She knew it was not wise to burn two candles at once.
The tunnel was straight and smooth and very easy to walk through, so they made good progress. Trot thought that the tunnel began about two miles from the cavern where they had been cast by the whirlpool, but now it was impossible to guess the miles traveled, for they walked steadily for hours and hours without any change in their surroundings.
Finally Cap'n Bill stopped to rest.
"There's somethin' queer about this 'ere tunnel, I'm certain," he declared, wagging his head dolefully. "Here's three candles gone a'ready, an' only three more left us, yet the tunnel's the same as it was when we started. An' how long it's goin' to keep up, no one knows."
"Couldn't we walk without a light?" asked Trot. "The way seems safe enough."
"It does right now," was the reply, "but we can't tell when we are likely to come to another gulf, or somethin' jes' as dangerous. In that case we'd be killed afore we knew it."
"Suppose I go ahead?" suggested the Ork. "I don't fear a fall, you know, and if anything happens I'll call out and warn you."
"That's a good idea," declared Trot, and Cap'n Bill thought so, too. So the Ork started off ahead, quite in the dark, and hand in band the two followed him.
When they had walked in this way for a good long time the Ork halted and demanded food. Cap'n Bill had not mentioned food because there was so little left -- only three biscuits and a lump of cheese about as big as his two fingers -- but he gave the Ork half of a biscuit, sighing as he did so. The creature didn't care for the cheese, so the sailor divided it between himself and Trot. They lighted a candle and sat down in the tunnel while they ate.
"My feet hurt me," grumbled the Ork. "I'm not used to walking and this rocky passage is so uneven and lumpy that it hurts me to walk upon it."
"Can't you fly along?" asked Trot.
"No; the roof is too low," said the Ork.
After the meal they resumed their journey, which Trot began to fear would never end. When Cap'n Bill noticed how tired the little girl was, he paused and lighted a match and looked at his big silver watch.
"Why, it's night!" he exclaimed. "We've tramped all day, an' still we're in this awful passage, which mebbe goes straight through the middle of the world, an' mebbe is a circle -- in which case we can keep walkin' till doomsday. Not knowin' what's before us so well as we know what's behind us, I propose we make a stop, now, an' try to sleep till mornin'."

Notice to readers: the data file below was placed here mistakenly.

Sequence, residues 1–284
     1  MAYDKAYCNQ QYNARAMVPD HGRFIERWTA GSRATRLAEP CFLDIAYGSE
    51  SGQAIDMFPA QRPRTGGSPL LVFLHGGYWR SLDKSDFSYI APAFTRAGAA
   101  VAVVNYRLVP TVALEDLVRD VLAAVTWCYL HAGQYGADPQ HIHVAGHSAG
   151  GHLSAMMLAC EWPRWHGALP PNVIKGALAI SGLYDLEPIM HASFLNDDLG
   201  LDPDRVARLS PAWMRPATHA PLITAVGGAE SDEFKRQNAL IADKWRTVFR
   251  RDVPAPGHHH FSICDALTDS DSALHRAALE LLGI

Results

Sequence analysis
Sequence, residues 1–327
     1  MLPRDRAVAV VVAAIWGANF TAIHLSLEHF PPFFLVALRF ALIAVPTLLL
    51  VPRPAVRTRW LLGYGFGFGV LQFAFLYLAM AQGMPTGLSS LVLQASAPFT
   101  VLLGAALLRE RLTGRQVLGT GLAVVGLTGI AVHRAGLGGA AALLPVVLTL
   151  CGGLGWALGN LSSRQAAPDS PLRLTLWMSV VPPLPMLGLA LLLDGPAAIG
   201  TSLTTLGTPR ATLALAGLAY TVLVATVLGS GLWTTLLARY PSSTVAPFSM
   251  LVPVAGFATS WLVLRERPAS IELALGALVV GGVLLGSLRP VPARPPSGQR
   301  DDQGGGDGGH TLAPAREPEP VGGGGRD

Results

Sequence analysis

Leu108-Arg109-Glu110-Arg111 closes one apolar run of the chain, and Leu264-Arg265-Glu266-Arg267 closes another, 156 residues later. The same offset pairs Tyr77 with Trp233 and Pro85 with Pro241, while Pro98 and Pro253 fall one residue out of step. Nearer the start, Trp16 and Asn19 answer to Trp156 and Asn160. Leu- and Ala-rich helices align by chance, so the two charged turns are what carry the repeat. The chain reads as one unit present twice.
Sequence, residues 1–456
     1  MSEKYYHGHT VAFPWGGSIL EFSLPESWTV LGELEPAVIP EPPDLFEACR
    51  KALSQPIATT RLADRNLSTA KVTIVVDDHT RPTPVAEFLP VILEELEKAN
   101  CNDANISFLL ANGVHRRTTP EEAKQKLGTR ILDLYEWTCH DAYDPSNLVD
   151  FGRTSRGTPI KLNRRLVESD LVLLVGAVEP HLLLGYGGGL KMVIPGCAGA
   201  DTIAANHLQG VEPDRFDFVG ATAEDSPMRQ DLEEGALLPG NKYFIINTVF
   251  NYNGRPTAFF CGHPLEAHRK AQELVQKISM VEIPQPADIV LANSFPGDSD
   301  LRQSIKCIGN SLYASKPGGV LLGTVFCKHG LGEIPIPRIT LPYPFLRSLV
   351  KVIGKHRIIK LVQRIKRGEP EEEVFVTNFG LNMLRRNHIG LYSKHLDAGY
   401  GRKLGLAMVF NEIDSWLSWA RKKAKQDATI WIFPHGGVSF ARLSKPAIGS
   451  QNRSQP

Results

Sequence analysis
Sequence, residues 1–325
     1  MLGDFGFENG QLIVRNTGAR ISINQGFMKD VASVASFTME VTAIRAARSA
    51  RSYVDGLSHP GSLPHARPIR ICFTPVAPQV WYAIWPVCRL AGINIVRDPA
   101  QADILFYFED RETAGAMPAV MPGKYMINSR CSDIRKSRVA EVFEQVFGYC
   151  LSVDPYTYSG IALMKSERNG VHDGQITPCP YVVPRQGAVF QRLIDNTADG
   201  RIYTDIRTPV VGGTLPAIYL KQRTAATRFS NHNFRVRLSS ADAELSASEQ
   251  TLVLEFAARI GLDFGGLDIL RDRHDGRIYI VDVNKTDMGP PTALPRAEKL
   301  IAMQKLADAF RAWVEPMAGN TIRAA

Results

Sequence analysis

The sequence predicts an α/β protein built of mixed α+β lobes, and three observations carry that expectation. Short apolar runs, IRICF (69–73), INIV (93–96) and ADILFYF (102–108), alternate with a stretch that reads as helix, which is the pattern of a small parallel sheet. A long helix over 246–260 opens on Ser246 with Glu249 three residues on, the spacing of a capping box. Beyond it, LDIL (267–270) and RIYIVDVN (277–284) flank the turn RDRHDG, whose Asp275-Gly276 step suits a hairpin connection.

"That will suit me," asserted the Ork, with a groan. "My feet are hurting me dreadfully and for the last few miles I've been limping with pain."
"My foot hurts, too," said the sailor, looking for a smooth place on the rocky floor to sit down.
"Your foot!" cried the Ork. "why, you've only one to hurt you, while I have four. So I suffer four times as much as you possibly can. Here; hold the candle while I look at the bottoms of my claws. I declare," he said, examining them by the flickering light, "there are bunches of pain all over them!"
"P'r'aps," said Trot, who was very glad to sit down beside her companions, "you've got corns."
"Corns? Nonsense! Orks never have corns," protested the creature, rubbing its sore feet tenderly.
"Then mebbe they're - they're - What do you call 'em, Cap'n Bill? Something 'bout the Pilgrim's Progress, you know."
"Bunions," said Cap'n Bill.
"Oh, yes; mebbe you've got bunions."
"It is possible," moaned the Ork. "But whatever they are, another day of such walking on them would drive me crazy."
"I'm sure they'll feel better by mornin'," said Cap'n Bill, encouragingly. "Go to sleep an' try to forget your sore feet."
The Ork cast a reproachful look at the sailor-man, who didn't see it. Then the creature asked plaintively: "Do we eat now, or do we starve?"
"There's only half a biscuit left for you," answered Cap'n Bill. "No one knows how long we'll have to stay in this dark tunnel, where there's nothing whatever to eat; so I advise you to save that morsel o' food till later."
"Give it me now!" demanded the Ork.